Caesarean sections were more common among women whose babies were pre-term (51%), who were aged 40 and over (56%) and who were overweight (39%) and obese (46%).
Internationally, the caesarean section rate has been increasing in most Organisation for Economic Cooperation and Development (OECD) countries, including Australia, and Australia’s rate of 34 per 100 live births is higher than the OECD average of 28 per 100 live births (OECD 2019).
Over one in 4 (27%) mothers had a primary caesarean section (that is, caesarean sections to mothers with no previous history of caesarean section). This rate was higher for first-time mothers (39%) and lower for mothers who had previously given birth (13%).
For related information see National Core Maternity Indicator Caesarean section
For more information on caesarean section births see National Perinatal Data Collection annual update data tables 2.36 and 2.37.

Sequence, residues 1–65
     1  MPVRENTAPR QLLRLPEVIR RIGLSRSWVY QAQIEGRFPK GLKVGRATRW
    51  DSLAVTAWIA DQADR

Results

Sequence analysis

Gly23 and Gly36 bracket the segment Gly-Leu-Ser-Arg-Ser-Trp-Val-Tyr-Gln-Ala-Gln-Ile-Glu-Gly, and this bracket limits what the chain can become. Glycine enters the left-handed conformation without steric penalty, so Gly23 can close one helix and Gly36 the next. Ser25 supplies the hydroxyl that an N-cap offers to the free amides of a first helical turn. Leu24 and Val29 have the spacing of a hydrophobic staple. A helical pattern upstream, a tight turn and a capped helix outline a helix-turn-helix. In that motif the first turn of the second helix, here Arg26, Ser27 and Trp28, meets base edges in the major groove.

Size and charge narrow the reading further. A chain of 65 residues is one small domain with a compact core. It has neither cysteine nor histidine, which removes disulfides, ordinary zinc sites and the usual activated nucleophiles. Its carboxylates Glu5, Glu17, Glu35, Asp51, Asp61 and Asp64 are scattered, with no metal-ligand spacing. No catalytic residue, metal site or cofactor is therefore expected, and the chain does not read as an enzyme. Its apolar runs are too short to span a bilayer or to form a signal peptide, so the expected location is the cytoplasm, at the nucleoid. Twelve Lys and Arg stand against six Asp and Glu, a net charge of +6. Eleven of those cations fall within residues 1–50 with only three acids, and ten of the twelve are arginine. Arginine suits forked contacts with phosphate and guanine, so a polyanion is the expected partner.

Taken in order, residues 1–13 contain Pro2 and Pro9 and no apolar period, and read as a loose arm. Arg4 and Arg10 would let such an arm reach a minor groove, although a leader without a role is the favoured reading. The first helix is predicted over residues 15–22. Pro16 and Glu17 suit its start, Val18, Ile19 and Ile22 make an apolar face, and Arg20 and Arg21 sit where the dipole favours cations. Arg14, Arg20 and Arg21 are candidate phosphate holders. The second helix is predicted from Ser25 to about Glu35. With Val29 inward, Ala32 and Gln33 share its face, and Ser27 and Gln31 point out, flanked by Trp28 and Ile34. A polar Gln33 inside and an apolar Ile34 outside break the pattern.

Having had a previous caesarean section can be associated with an increased risk of adverse outcomes for women and their babies during subsequent pregnancies, most often due to uterine scarring (Chauhan et al. 2003; Jamshed et al. 2022). However, many women who choose to give birth vaginally after having had a previous caesarean section are successful (RANZCOG 2022).
Most mothers who had a previous caesarean section had a repeat caesarean section (76%). Having had a previous caesarean section was the most common main reason for having a caesarean section.
The data visualisation below presents data on the history of caesarean section birth for women who have previously given birth, by selected maternal characteristics for 2020. Click the trend button to see how data has changed over a 9-year period.